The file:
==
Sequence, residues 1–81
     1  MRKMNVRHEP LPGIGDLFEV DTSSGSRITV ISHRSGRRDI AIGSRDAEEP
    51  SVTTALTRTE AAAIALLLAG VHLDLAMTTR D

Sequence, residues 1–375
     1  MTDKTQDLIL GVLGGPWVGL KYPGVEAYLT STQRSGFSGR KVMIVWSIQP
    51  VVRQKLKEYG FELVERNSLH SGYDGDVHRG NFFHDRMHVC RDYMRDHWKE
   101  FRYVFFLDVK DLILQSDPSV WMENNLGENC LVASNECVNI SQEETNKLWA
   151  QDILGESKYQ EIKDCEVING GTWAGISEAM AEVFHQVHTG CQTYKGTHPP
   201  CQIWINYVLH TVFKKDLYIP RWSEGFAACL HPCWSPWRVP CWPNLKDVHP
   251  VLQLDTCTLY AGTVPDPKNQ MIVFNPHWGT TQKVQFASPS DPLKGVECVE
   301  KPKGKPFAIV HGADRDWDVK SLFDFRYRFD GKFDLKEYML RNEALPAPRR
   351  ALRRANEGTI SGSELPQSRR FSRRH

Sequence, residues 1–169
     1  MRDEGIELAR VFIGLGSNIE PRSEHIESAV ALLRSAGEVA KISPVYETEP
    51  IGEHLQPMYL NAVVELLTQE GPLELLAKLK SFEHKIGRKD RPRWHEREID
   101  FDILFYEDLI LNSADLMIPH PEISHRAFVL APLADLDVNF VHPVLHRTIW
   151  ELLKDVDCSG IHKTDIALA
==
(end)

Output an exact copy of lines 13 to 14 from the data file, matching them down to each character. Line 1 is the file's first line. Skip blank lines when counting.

Sequence, residues 1–169
     1  MRDEGIELAR VFIGLGSNIE PRSEHIESAV ALLRSAGEVA KISPVYETEP